2. You can use the keywords and and not in your search phrase. For example, the query print and problem will only match Incidents that contain both words, while the query print and not problem will match Incidents that contain the word print but not problem.
  3. You can narrow your search with criteria. For example, to restrict to searching for Incidents logged in June 2006:

i. Choose 'Incident/Problem/Change' from the 'Search for' drop-down menu, then select 'Incident' from the 'Equal to' drop-down menu, and click the 'Add' button.

ii. Choose 'Month' from the 'Search for' drop-down menu, then select 'Jun' from the 'Equal to' drop-down menu, and click the 'Add' button.

iii. Choose 'Year' from the 'Search for' drop-down menu, then type 2006 in the 'Equal to' field, and click the 'Add' button.

Having refined your search, click 'Search Now!' again.

Choosing Incidents to Work on

Now you have a list of Incidents that you are interested in, how do you start working on these?

  1. Right click on the list of Knowledgebase articles that Serio has found (left pane).
  2. Choose 'Add Issue to Select List' or 'Add All' to select the Incidents you want to work on.
  3. Click on 'Find Incidents'.

There's another good post over at Verso on the subject of Serio and the Service Catalog. This links into George's posts below about Availability statistics (where the subject of representing Key Services in the CMDB is discussed).

Tuesday, 07 Nov 2006

Monday, 06 Nov 2006

This post continues the topic of obtaining Availability statistics through Serio. The previous posts were ‘Using Serio to obtain availability statistics’ and ‘More on Availability statistics’.

To recap, I’ve said that:

  • you need to consider how you want your Availability data presented (and I gave 2 examples)
  • you need to define your Key Services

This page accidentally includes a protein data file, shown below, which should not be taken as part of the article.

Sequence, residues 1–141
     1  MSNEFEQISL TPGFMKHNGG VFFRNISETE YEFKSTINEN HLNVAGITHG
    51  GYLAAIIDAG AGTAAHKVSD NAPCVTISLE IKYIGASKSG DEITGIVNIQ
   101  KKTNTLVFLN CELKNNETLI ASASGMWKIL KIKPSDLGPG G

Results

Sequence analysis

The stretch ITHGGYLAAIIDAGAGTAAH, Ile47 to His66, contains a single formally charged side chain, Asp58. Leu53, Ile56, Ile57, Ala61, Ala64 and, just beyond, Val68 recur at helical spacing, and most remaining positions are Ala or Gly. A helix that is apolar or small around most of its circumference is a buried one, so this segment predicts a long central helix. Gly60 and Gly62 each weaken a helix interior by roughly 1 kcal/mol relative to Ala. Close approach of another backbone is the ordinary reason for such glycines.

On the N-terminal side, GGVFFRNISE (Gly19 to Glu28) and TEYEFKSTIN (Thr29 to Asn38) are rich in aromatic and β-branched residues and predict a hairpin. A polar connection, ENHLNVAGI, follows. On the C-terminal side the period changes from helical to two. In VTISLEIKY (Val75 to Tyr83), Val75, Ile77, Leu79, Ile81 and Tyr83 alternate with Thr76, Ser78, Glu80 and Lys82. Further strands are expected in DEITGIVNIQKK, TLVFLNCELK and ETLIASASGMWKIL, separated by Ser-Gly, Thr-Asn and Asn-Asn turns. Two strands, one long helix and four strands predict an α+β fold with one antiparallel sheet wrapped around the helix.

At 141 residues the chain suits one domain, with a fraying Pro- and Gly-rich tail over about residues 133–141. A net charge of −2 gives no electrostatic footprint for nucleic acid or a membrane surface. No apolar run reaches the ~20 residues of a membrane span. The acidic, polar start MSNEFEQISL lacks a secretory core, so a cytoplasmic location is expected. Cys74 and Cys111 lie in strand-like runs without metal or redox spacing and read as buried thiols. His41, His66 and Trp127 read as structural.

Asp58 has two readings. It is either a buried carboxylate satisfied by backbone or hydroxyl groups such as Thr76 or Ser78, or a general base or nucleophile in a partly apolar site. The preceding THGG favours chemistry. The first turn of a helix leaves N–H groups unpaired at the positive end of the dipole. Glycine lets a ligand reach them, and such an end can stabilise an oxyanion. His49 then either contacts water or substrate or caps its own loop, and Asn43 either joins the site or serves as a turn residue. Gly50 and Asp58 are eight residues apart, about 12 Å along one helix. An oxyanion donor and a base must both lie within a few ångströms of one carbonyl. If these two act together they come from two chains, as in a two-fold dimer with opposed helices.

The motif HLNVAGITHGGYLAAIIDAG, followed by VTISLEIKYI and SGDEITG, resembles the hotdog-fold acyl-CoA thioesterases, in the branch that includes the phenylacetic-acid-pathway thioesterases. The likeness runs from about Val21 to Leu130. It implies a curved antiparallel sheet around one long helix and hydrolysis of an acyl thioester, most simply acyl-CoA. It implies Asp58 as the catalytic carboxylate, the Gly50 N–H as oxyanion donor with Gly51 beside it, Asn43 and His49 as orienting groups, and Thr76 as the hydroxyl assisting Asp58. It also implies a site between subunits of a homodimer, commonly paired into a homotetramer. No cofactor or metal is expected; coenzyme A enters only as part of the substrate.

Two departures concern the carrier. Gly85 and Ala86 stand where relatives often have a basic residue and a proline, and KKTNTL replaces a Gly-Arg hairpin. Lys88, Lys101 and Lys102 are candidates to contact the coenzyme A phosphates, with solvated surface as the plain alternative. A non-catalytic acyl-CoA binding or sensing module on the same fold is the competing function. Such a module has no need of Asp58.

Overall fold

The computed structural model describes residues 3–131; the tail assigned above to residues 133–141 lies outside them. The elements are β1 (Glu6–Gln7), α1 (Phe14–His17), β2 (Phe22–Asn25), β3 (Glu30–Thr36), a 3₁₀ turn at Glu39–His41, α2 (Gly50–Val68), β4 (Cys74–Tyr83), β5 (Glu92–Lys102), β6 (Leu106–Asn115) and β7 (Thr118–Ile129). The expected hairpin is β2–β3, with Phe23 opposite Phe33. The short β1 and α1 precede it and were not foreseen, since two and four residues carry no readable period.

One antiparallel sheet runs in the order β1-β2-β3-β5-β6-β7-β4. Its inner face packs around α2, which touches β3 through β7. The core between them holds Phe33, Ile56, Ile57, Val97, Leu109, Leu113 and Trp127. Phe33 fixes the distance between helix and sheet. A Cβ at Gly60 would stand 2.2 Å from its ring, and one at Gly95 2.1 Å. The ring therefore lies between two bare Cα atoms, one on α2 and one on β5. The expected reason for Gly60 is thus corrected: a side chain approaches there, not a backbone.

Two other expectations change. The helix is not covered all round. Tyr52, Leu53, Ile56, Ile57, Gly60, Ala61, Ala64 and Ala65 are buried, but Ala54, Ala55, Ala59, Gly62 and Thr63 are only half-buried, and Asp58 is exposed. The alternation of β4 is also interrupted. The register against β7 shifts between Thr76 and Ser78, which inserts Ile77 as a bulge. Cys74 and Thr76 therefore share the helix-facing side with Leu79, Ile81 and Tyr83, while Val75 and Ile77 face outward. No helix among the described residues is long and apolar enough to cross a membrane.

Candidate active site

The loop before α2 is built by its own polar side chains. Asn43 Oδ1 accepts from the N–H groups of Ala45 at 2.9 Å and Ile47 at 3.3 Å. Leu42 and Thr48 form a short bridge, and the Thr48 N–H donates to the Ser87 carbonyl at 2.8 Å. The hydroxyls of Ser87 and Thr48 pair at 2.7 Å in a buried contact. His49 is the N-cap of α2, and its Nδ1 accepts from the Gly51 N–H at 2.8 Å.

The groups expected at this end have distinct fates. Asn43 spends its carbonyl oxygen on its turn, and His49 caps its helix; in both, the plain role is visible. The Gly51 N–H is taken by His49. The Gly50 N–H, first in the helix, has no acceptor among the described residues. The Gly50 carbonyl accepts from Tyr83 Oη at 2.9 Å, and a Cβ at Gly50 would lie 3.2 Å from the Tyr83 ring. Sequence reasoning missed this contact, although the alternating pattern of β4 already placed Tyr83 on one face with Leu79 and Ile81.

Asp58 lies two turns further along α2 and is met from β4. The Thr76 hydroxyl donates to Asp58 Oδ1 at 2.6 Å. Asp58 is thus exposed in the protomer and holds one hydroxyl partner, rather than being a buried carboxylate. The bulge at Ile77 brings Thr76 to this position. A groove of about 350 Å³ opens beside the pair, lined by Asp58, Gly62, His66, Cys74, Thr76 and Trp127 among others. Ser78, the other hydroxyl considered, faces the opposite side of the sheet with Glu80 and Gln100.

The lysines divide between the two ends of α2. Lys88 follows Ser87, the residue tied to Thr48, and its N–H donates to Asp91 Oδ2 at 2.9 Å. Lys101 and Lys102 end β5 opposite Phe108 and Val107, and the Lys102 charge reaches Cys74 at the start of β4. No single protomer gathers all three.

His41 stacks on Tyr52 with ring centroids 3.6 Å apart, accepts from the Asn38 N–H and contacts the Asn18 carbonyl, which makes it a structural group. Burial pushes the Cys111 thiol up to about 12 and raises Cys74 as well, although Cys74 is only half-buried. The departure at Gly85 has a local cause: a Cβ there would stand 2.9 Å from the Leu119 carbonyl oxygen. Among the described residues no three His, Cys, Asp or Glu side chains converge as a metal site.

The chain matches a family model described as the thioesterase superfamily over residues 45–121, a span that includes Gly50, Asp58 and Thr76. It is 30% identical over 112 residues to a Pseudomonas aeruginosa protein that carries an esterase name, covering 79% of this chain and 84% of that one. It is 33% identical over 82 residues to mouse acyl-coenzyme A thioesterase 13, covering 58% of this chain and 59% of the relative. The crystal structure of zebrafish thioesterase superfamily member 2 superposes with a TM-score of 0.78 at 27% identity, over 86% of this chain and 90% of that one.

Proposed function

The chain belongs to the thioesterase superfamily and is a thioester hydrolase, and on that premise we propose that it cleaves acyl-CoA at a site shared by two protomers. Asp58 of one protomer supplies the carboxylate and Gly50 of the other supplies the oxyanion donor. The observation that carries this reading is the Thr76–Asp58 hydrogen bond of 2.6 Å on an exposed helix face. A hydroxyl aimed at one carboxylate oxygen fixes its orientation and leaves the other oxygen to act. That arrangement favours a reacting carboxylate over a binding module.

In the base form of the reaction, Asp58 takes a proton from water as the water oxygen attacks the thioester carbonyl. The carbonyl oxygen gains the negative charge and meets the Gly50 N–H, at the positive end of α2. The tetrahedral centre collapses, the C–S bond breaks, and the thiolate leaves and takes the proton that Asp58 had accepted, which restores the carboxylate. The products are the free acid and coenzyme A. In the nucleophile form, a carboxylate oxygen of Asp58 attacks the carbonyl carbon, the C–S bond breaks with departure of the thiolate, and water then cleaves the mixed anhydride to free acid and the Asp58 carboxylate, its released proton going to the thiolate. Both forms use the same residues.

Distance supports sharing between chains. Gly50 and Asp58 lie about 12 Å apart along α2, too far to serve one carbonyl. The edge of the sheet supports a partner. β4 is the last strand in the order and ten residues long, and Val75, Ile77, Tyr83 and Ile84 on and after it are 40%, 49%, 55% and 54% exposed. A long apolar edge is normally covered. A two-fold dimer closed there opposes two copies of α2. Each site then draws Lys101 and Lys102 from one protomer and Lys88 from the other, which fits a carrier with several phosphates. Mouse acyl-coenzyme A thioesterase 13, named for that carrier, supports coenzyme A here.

• create a Service Level Agreement (SLA) for each of your Key Services
  • decide how you wish to represent your Key Services in the Configuration Management Database (CMDB).

Having done all of that, you now need to associate your SLAs directly with the Items (if you are using Items) or Services (if you are using Systems). This enables Serio to understand what the target Availability for the Key Service is question is (9:00 to 17:00 Mon-Fri, or 24-hours for example). If you didn’t know that you can associate SLAs directly with Items and Systems, you can – simply edit the Item or System in question and make the association directly.

We are almost ready to gather some statistics at this point, except for one thing.

Recall that I wrote about you need to be clear on what Unavailability means, or is defined as? Sometimes it is obvious (the Key Service is not functioning at all) but in other cases the service might be partly available. For instance, you might have an email system that can send emails within your organisation, but cannot send or receive them externally – does this constitute Unavailability? If you send a lot of emails to customers, or use emails for receiving customer orders, the answer is likely to be ‘yes’. Whatever the case in your organisation, have a clear definition of Unavailability.

This is important because you need to tell Serio what Incidents record Unavailability, and this is done through Impact. If you don’t have one already, create an Impact called ‘System down’. Use this Impact when record Incidents that result in Unavailability – this is how Serio filters routine Incidents from those that indicate a loss of service.

The other ingredient you need to add to the mix if the Key Service itself, represented in the Incident by either an Item or a System.

If we look at what is going into the Incident mix when you log an Incident, you can start to see how your Availability data is produced:

  • The Key Service on which we want Availability data, represented either by an Item or a System
  • The SLA for the Key Service (which we attach directly)
  • Something to tell us this is an Unavailability Incident (the ‘System Down’ Impact
  • A start date and time (when we logged the Incident) and an end date and time (when we resolve it)

I’ll look in my next post at how you use all of the ingredients above to produce meaningful statistics.

Friday, 03 Nov 2006

Over the the Verso blog there are a couple of very useful posts about an ITSM topic that is often either neglected or misunderstood - the Service Catalog. The posts are What is a Service Catalog and Getting your Service Catalog started.

Serio has an excellent repository for Service Catalog information that allows you to log Incident, Problems and Changes against services from the Catalog, and to use that as the basis for reporting (for example Availability reporting). This repository is referred to as Systems.

You can find out how to create a System by using the Administrator HowTo guide (look under Configuration Management).